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Advice to Practitioners: A Review of the Popular Press Literature on Planned Change Communication
Unformatted Document Text:  Advice to Practitioners - 17 Similar to the notion of critical mass, the theoretical premise underlying this theme is that by replicating change in one or two key areas, others will be more motivated to follow. One way of creating motivation for the change is to mark the achievement of those who have implemented the change successfully (Miller, 2002). On the contrary, Collins (2001) contends that “massive change efforts have no name, no tag line, launch event or program to signify what they were doing at the time” (p. 186). He further argues that individuals inside “great companies” often recognize the magnitude and success of their change in retrospect rather than as it is occurring. Communication Is Everything One of the more noticeable discrepancies in our analysis is whether communication is a significant aspect of the change process. Historically, the understanding has been the more communication, the better. Communication professionals contend that more communication is needed for change to occur. Frequently communicating a clear, compelling vision directs people to the goals and objectives of the change effort and can reduce unnecessary ambiguity surrounding change. Duck (1998) suggests that managers at every level make communication a priority and that their changes messages be consistent and constant. When faced with uncertainty, leaders need to communicate probabilities or else rumors are likely to be generated (Larkin & Larkin, 1994). Conversely, other professionals maintain that communication should not necessarily be a priority. Miller (2002), for instance, claims that “people are quick to label all sorts of organizational dysfunction as communication problems” when, in fact, the problems may very well lie in the system or structure (p. 5). Moreover, labeling such issues as communication problems further precludes managers from actually solving the problem (Miller, 2002). Communicative Tactics for Change Lewis and Seibold (1998) bemoaned the fact of little provision of specific tactics and action steps in the practitioner-oriented journal articles on planned change implementation. Our review of popular press books on the subject has revealed considerably more specific advice about how to proceed in change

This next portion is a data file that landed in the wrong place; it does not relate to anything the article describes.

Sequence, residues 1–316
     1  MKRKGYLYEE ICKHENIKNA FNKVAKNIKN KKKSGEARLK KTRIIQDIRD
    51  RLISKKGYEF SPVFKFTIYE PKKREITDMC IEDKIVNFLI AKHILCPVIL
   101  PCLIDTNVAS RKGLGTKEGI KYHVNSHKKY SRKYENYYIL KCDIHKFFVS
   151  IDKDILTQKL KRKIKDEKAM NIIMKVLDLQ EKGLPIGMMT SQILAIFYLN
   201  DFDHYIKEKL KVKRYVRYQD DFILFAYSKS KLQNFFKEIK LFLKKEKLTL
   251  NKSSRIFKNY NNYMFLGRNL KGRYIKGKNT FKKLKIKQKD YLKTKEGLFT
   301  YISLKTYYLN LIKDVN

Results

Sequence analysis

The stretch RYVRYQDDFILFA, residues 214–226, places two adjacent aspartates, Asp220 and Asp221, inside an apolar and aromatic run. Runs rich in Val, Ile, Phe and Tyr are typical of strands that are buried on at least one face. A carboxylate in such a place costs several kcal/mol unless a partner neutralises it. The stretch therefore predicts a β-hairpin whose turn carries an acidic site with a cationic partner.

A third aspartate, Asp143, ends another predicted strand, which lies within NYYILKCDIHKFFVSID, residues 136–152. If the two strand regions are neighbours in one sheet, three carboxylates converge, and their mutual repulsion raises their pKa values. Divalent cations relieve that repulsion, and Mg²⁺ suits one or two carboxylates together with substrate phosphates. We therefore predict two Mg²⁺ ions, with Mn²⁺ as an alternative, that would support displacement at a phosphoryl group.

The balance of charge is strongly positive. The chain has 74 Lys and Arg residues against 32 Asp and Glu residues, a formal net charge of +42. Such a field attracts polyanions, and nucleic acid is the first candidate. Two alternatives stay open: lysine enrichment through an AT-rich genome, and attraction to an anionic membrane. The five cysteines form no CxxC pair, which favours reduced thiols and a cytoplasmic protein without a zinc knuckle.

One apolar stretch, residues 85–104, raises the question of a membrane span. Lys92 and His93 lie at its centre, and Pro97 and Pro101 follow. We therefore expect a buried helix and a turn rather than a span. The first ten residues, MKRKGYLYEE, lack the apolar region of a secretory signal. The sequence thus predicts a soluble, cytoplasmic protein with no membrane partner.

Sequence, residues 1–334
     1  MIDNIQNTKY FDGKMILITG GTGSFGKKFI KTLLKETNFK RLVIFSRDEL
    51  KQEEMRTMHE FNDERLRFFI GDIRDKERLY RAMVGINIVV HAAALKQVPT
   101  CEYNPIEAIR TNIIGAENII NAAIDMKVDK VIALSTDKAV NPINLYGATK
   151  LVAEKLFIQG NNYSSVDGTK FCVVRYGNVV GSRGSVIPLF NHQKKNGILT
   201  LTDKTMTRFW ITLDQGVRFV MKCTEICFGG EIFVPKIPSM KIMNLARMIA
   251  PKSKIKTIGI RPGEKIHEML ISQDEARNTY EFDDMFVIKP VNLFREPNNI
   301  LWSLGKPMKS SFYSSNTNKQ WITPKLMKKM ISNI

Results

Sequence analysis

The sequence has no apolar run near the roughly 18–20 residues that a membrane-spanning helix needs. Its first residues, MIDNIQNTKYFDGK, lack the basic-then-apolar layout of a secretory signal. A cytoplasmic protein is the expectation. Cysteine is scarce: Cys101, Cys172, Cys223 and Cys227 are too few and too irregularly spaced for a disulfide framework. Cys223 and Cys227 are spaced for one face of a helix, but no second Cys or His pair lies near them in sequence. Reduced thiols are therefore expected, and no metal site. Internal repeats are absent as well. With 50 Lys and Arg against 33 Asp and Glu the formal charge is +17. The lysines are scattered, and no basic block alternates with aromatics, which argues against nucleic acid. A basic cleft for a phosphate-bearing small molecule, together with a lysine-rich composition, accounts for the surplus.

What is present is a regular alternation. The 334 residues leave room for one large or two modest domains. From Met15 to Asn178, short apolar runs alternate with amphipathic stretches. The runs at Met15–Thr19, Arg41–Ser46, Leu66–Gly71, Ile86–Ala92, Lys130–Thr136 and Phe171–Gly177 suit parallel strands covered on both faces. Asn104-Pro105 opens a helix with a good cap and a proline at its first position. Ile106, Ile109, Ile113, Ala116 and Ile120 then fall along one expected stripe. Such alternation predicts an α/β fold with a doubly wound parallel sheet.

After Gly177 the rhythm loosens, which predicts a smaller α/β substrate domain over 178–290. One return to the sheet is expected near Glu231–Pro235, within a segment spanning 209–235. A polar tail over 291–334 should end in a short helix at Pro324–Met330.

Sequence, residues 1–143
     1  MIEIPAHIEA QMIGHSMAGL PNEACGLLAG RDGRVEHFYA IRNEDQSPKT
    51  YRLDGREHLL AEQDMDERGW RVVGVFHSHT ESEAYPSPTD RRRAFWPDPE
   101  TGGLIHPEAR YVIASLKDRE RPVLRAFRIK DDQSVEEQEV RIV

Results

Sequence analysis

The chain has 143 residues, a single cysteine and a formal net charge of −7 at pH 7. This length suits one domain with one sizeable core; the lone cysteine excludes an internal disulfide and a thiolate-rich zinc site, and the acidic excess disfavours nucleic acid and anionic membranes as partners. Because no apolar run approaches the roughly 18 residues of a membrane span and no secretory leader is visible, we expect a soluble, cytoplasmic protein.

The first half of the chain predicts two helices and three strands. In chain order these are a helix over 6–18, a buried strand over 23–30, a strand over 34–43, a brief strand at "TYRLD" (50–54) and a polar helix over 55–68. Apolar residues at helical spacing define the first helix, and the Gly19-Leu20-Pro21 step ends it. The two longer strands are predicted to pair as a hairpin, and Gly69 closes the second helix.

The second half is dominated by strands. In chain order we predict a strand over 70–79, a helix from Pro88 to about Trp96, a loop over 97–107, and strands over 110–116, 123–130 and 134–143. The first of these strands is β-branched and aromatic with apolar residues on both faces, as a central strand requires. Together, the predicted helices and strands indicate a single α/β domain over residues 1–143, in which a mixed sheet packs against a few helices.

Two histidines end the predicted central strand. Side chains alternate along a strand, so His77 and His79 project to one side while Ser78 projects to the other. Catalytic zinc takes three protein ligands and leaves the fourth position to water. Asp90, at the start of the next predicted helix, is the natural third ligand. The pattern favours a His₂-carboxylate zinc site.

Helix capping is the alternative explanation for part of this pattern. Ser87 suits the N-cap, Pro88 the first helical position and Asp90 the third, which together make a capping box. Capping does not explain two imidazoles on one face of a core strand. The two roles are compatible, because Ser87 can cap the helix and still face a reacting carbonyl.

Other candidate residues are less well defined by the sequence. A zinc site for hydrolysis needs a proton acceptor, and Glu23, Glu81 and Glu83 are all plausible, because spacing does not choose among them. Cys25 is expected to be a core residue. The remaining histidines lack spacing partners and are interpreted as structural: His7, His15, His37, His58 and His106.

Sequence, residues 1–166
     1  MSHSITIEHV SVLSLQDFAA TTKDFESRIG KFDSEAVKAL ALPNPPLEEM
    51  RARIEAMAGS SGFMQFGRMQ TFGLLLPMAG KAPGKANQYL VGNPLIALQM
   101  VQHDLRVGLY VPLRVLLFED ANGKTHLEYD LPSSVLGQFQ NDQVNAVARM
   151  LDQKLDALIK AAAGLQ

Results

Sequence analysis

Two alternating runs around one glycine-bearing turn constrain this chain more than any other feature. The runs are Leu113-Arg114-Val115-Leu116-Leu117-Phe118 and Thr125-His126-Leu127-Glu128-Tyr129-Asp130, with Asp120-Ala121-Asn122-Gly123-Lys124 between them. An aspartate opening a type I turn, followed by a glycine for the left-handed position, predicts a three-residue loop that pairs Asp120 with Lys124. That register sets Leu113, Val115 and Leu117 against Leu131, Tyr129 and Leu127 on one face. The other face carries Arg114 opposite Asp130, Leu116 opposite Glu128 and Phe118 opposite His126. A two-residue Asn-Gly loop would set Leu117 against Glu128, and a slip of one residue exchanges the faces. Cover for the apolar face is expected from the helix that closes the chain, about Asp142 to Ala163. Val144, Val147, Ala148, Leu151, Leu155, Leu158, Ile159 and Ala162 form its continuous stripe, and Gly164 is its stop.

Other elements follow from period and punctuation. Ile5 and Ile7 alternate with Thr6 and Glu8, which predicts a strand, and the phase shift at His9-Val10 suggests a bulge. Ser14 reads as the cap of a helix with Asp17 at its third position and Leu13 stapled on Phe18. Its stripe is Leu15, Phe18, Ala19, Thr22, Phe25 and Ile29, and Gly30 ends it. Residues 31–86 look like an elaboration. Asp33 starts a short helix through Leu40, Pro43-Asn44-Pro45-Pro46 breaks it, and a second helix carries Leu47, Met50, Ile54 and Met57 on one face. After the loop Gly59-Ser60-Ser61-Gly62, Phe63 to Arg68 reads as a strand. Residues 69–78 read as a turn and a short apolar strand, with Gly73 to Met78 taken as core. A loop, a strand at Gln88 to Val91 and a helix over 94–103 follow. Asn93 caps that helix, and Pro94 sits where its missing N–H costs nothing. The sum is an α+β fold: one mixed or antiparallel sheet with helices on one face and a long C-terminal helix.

Authors: Lewis, Laurie., Stephens, Keri., Schmisseur, Amy. and Weir, Kathleen.
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Advice to Practitioners - 17
Similar to the notion of critical mass, the theoretical premise underlying this theme is that by replicating
change in one or two key areas, others will be more motivated to follow. One way of creating motivation
for the change is to mark the achievement of those who have implemented the change successfully
(Miller, 2002). On the contrary, Collins (2001) contends that “massive change efforts have no name, no
tag line, launch event or program to signify what they were doing at the time” (p. 186). He further argues
that individuals inside “great companies” often recognize the magnitude and success of their change in
retrospect rather than as it is occurring.
Communication Is Everything
One of the more noticeable discrepancies in our analysis is whether communication is a significant
aspect of the change process. Historically, the understanding has been the more communication, the
better. Communication professionals contend that more communication is needed for change to occur.
Frequently communicating a clear, compelling vision directs people to the goals and objectives of the
change effort and can reduce unnecessary ambiguity surrounding change. Duck (1998) suggests that
managers at every level make communication a priority and that their changes messages be consistent and
constant. When faced with uncertainty, leaders need to communicate probabilities or else rumors are
likely to be generated (Larkin & Larkin, 1994). Conversely, other professionals maintain that
communication should not necessarily be a priority. Miller (2002), for instance, claims that “people are
quick to label all sorts of organizational dysfunction as communication problems” when, in fact, the
problems may very well lie in the system or structure (p. 5). Moreover, labeling such issues as
communication problems further precludes managers from actually solving the problem (Miller, 2002).
Communicative Tactics for Change
Lewis and Seibold (1998) bemoaned the fact of little provision of specific tactics and action steps
in the practitioner-oriented journal articles on planned change implementation. Our review of popular
press books on the subject has revealed considerably more specific advice about how to proceed in change


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